Hundreds Mourn Israeli Terror Victim

Jerusalem, Oct. 31 - Ami Moshe, 56, a loving father of four died Saturday (Oct. 29) after he was struck near his stomach by a Grad-rocket fired by Palestinian terrorists in Gaza in Ashkelon. He was driving when the rocket was fired and did not manage to get to safety in time. Ami was also a grandfather, a brother, a son, and a romantic partner to Ella. He fought for his life for hours after the terror attack at Barzilai Medical Center, but ultimately, doctors could not save him.

Ami was part of a large Yemenite-Jewish family in Ashkelon, a city on Israel’s coast located about 8 miles north of Hamas-run Gaza. At his funeral in Ashkelon Sunday (Oct. 30), hundreds of mourners wept, often uncontrollably, for their sudden and almost unbelievable loss.

Ami’s sister, Zehava, spoke at the funeral: “Ami, your brother died while serving in Lebanon. Your father recently died. What grief! You couldn’t get home to do all the things you wanted to do, to be with your grandchildren, with your Ella, your kids, to come back to us and tell jokes, make music that you love, and live your life the way you always have, with joy.”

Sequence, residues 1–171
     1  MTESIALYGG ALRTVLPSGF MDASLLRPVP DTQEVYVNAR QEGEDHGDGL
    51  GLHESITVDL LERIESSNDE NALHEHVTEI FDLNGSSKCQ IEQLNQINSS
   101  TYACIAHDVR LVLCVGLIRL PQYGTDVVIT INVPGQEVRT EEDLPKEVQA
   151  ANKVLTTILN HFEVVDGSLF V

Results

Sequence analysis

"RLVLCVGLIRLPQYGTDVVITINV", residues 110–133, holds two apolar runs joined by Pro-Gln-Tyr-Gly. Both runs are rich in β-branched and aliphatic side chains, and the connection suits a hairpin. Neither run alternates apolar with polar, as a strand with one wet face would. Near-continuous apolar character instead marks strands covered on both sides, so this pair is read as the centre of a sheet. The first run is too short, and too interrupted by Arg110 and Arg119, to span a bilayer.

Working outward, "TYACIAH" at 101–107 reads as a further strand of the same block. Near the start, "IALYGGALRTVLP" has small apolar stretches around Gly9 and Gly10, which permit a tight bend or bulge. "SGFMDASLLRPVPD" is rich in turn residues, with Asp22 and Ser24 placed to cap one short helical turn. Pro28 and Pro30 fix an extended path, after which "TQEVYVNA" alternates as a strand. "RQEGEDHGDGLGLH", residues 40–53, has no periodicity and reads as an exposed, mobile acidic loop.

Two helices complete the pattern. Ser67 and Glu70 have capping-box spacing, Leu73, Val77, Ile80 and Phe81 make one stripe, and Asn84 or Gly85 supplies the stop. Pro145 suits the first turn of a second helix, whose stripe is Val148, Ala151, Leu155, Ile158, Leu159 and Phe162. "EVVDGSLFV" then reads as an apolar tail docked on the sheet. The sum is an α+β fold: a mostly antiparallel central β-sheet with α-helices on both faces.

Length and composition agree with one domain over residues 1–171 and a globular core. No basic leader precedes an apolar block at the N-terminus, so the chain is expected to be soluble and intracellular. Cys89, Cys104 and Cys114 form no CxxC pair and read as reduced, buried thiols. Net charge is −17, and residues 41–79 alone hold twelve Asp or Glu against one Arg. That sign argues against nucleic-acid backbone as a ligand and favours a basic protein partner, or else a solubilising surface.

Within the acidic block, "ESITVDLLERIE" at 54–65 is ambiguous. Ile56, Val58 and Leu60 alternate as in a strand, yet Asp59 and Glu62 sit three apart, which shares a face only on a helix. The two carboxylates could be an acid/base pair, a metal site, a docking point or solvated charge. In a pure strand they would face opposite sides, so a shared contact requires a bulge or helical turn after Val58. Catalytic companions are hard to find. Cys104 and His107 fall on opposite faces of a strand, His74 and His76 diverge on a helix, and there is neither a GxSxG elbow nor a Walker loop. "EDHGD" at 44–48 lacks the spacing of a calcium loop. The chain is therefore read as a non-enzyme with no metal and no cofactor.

Ella, Ami’s partner, said she had spoken to Ami on the phone about an hour before he was struck by the rocket. He was out all day and told her he was stopping off at the supermarket. She answered, “No Ami, I miss you. Come back. We’ll go to the store together.” After not hearing from Ami again, Ella called back, and he answered his phone and said, “Ella I’m hurt,” but could not manage to say much else.

Ashkelon’s Mayor Benny Vaknin said: “Today is a day that all of Ashkelon mourns. A precious life was taken from our small little town, a kingly person… We pray that he is our last sacrifice. This is an unforgiveable murder. He was stolen from our hearts.”

Tzviya, Ami’s mom, also lost her husband a few days ago. Funeral attendees said she is ill and that the sudden grief from her son’s death is “too much” for her to handle.

Mourners said that Ami was a joyous man, a construction worker with a passion for music, arts and sports. “Building a house, building a country,” was what Ami used to say, they told The Israel Project.

“It just happened out of nowhere, one minute he was here and the next he was gone. There wasn’t even a war. It’s all for nothing,” wept another one of Ami’s sisters as she left the funeral.

Shlomit, a friend of the family, added, “Let there be peace in Israel. That is what we pray for.”

Islamic Jihad claimed responsibility for the attack that killed Ami and for the dozens of other rockets fired over the weekend. They struck schools and homes, injuring several people and sending dozens into shock. Public schools and universities in southern Israel remain closed. Israel fired at terrorists and foiled rocket launchings in Gaza through airstrikes. Eleven terrorists were killed.

By Monday (Oct. 31) morning, Israeli sources said they expected the quiet to hold despite six rockets being fired from Gaza overnight.

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